Beserol side effects

Updated March 23, 2017

Beserol was a drug that was marketed worldwide for the treatment of several conditions, primarily anxiety and chronic pain. The manufacturer voluntarily took the drug off the market after the World Health Organization began to issue withdrawals of approval for any drug containing Beserol's active ingredient in countries around the world. The severe side effects of Beserol were the main reason for the drug's failure, and it is no longer available in regulated areas.

Active Ingredients

The active ingredients of Beserol were linked by the WHO to adverse side effects, because all drugs containing these active ingredients were removed from the market worldwide. Warnings have been issued by the WHO for chlormezanone and metamizole sodium, found in dozens of trade names worldwide, including Beserol. Another ingredient of Beserol that has not been removed from the market is acetaminophen, a common pain reliever and fever reducer found in over-the-counter drugs. Although acetaminophen has also been found to have potential negative side effects and complications, acetaminophen was not the focus of regulatory action against Beserol and related drugs.


The major side effects caused by chlormezanone in Beserol were symptoms of a condition known as Stevens-Johnson syndrome. Chlormezanone in Beserol and other related drugs was found to result in high incidence of the disease, in which the skin and mucus membranes react to the medication. Symptoms include fever and other flu-like symptoms, followed by a severe rash and shedding of the outer layer of skin.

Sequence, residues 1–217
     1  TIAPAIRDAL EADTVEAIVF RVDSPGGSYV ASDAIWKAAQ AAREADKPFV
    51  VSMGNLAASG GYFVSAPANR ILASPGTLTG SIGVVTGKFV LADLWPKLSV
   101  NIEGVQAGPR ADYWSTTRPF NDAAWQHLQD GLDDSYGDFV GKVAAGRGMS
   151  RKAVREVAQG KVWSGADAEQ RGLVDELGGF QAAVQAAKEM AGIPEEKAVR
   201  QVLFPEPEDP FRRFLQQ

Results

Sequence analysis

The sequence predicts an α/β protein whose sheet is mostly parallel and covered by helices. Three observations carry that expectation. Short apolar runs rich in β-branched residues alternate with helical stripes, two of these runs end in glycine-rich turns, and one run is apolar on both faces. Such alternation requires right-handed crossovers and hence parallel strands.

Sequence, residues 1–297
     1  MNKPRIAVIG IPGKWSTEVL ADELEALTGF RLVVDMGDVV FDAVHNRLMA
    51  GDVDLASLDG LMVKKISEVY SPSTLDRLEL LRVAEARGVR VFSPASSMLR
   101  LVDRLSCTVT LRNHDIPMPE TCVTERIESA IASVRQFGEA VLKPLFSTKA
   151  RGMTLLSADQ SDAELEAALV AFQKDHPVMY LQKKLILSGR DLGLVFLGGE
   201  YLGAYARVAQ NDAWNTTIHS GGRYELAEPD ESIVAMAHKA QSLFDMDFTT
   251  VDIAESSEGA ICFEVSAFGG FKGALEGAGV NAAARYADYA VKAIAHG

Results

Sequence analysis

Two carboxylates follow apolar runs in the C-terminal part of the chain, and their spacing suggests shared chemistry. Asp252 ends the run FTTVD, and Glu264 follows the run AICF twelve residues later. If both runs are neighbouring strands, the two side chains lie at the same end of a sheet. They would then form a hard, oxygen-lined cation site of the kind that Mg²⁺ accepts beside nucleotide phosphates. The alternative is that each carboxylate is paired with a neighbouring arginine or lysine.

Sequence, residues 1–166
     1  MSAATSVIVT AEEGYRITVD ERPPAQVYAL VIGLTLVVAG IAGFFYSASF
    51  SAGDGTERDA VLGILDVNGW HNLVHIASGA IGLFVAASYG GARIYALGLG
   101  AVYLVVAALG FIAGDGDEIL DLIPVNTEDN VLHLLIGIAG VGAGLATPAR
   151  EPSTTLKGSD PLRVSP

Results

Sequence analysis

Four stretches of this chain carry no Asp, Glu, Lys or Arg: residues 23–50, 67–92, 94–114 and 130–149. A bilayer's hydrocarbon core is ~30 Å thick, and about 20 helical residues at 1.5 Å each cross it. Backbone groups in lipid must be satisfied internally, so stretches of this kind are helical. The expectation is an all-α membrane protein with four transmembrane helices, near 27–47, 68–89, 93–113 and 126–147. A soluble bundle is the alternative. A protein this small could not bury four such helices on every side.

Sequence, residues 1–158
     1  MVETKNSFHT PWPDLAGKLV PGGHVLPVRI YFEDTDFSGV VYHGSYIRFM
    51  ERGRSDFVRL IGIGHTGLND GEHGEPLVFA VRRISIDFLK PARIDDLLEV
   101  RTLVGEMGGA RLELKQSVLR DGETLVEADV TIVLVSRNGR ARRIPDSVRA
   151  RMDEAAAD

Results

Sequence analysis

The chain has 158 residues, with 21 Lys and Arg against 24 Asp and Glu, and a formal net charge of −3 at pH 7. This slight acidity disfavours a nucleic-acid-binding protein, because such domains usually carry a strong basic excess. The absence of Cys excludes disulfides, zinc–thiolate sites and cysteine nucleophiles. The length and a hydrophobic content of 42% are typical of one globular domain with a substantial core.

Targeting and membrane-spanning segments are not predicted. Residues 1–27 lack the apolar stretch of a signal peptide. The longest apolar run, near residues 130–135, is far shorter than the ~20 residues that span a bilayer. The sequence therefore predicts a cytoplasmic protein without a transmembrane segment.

Beserol also had the potential to cause a number of permanent or life-threatening side effects as a result of complications of Stevens-Johnson syndrome. Following the rash and shedding of skin, patients are at risk for infection through sores in the skin, sepsis of the blood and related shock or organ failure and permanent organ damage. The severe rash caused by chlormezanone through Stevens-Johnson syndrome can also cause permanent skin and eye damage and loss of hair or nails.


The only solution for the side effects of Beserol and related drugs was to remove the cause of the reaction that produces Stevens-Johnson syndrome. Thus, doctors typically advise patients to stop medication and permanently avoiding all related chemical compounds. Because Beserol and other drugs containing chlormezanone resulted in such a high incidence of Stevens-Johnson syndrome, the drugs were universally withdrawn rather than simply being cautioned against for a few patients.


Approval of Beserol and other drugs containing chlormezanone began to be withdrawn by the WHO in 1996 after the serious side effects had been discovered, and continued for several years until all countries regulated by the WHO had issued warnings against the family of drugs. A universal warning against Beserol was also issued in 2003 in a comprehensive report by the WHO.

Cite this Article A tool to create a citation to reference this article Cite this Article

About the Author

Lesley Graybeal has been writing articles for internet content since 2006. Her work can be found on a range of hobby and business resource web publications, including and, as well as several academic journals. Lesley earned her B.A. and M.A. degrees in English from the University of Georgia, and is currently completing her dissertation in Social Foundations of Education.